One of Apple’s more notable announcements during the company’s Worldwide Developers Conference this year was ARKit, which allows augmented reality apps to not only run on iOS devices, but also do so without the need for folks to pick up additional hardware. That latter point is what pundits have pointed to as a possible tipping point in augmented reality adoption, one that Google hopes to do the same for Android users with ARCore.

There’s no need to purchase additional sensors or hardware – it will work on existing and future Android phones

Available as a preview, ARCore is an Android software development kit (SDK) that lets developers introduce AR capabilities to, you guessed it, Android devices. Because of how ARCore works, there is no need for folks to purchase additional sensors or hardware – it will work on existing and future Android phones.

According to Google, ARCore focuses on three things: motion tracking, environmental understanding, and light estimation. With motion tracking, ARCore can determine how the phone is positioned and oriented as it moves. Because of this, virtual objects can remain accurately placed, regardless of where your phone is pointed at.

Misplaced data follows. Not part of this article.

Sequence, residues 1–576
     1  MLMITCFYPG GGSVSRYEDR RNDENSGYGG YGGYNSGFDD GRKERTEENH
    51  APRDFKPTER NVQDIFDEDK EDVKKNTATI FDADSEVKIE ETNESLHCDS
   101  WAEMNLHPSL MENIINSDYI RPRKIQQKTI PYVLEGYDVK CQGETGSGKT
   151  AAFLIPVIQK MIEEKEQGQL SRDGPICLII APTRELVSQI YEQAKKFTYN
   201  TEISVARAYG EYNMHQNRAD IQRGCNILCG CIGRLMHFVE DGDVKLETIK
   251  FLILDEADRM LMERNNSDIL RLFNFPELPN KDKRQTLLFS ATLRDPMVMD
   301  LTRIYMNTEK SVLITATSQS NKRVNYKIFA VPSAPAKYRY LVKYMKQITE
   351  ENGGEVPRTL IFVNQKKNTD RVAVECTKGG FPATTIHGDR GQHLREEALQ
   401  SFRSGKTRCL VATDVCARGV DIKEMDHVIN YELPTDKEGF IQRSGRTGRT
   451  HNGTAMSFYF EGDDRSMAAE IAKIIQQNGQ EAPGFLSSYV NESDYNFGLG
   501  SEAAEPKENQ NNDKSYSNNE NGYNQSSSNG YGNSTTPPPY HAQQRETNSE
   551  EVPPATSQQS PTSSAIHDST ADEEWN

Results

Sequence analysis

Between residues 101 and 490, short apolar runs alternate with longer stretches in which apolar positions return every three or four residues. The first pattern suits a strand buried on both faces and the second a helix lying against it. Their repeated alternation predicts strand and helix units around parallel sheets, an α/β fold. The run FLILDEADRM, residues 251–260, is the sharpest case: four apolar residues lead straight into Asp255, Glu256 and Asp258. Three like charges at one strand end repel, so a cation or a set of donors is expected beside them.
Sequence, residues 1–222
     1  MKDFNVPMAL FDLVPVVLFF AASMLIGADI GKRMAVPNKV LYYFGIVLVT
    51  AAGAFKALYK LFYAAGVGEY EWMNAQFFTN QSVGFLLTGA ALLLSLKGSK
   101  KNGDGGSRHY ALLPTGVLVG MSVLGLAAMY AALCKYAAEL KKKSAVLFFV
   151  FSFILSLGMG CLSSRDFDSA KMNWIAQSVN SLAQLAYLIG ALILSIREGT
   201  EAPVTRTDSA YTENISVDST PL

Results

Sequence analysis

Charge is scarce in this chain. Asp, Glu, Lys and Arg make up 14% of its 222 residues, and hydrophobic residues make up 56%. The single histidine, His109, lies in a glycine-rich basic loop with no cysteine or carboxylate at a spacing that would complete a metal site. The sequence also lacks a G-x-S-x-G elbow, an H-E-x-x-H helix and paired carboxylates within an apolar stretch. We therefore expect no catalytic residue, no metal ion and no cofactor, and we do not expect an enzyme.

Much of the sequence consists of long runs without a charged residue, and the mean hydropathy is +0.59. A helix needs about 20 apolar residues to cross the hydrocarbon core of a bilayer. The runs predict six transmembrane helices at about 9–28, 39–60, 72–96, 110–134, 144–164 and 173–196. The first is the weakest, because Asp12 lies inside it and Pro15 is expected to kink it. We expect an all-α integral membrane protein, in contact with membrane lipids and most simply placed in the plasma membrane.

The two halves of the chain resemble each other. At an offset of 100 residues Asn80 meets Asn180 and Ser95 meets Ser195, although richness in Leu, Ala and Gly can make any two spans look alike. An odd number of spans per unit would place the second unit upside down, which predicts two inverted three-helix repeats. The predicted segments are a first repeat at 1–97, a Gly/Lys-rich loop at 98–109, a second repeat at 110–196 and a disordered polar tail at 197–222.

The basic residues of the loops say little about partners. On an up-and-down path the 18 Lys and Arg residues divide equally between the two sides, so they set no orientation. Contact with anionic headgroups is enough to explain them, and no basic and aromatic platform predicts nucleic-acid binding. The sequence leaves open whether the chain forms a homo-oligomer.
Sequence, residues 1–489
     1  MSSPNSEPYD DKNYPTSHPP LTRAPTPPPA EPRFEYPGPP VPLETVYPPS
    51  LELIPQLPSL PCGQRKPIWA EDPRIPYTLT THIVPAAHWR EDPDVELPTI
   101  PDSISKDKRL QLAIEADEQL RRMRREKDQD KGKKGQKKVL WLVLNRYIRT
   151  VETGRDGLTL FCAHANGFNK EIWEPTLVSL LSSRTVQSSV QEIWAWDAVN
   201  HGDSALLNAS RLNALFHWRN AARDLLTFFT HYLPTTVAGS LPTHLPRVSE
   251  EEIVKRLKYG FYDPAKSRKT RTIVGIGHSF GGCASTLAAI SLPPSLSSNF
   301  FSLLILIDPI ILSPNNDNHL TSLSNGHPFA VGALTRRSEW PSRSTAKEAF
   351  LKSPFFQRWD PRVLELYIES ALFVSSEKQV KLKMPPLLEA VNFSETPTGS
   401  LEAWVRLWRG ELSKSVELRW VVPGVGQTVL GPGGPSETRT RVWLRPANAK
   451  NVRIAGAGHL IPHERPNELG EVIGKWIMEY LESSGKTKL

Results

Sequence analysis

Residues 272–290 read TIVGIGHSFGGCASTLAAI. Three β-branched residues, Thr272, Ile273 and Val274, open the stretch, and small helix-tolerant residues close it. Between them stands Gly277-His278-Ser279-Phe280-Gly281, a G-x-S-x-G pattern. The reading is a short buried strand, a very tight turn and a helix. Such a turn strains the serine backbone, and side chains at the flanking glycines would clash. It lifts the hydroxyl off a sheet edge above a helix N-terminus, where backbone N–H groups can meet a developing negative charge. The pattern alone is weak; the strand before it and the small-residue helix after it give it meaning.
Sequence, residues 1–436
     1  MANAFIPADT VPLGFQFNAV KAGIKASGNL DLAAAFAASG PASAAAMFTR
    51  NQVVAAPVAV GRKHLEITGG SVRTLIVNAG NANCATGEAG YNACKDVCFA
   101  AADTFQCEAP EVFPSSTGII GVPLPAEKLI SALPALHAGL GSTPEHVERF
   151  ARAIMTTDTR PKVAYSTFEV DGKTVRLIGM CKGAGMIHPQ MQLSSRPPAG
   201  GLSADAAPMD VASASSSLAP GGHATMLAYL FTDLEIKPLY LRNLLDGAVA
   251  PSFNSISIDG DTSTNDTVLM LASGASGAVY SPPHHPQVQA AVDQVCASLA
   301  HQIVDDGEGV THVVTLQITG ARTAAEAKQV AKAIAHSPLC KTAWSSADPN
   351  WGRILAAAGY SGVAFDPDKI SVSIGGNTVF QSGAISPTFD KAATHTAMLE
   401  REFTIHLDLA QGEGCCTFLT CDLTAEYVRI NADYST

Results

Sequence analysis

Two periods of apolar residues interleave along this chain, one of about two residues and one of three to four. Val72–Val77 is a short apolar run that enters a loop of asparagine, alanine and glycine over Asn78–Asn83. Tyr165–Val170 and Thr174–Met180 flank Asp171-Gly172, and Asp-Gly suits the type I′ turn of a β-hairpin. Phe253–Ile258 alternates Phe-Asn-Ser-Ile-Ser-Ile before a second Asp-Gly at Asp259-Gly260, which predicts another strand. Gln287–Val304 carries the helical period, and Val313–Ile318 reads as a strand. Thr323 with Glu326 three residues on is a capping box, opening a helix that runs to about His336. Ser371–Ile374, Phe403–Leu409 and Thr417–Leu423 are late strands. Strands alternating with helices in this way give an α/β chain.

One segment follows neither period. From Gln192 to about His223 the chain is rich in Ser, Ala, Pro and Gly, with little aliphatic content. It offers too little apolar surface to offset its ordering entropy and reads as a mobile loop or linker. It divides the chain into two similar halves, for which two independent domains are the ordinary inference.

With environmental understanding, ARCore detects horizontal surfaces, such as a desk or floor, using the same points used for motion tracking. This allows ARCore to be aware about your surroundings. Finally, ARCore detects the ambient light and allows developers to light virtual objects so they can match the surroundings. This increases the level of immersion when using ARCore-powered apps.

If all of this sounds a bit familiar, that is because Google seems to have brought over much of what makes Tango tick. Whether ARCore will outright replace Tango is anyone’s guess, though that possibility does not sound too farfetched.

Alongside ARCore, Google also announced that it will release prototype browsers that allow developers to create AR-enhanced websites that can run on both ARCore and ARKit. Finally, Google re-announced its continued development on Visual Processing Service (VPS), which was revealed during Google’s developers conference in May and allows devices to more quickly and accurately understand their location indoors.

As for ARCore itself, it is now available for Google’s Pixel and Pixel XL, as well as Samsung’s Galaxy S8 and Galaxy S8 Plus running Android 7.0 Nougat and up. Google is targeting 100 million devices by the end of the preview, with the search giant working with Samsung, Huawei, LG, ASUS, and others to make that target a reality.



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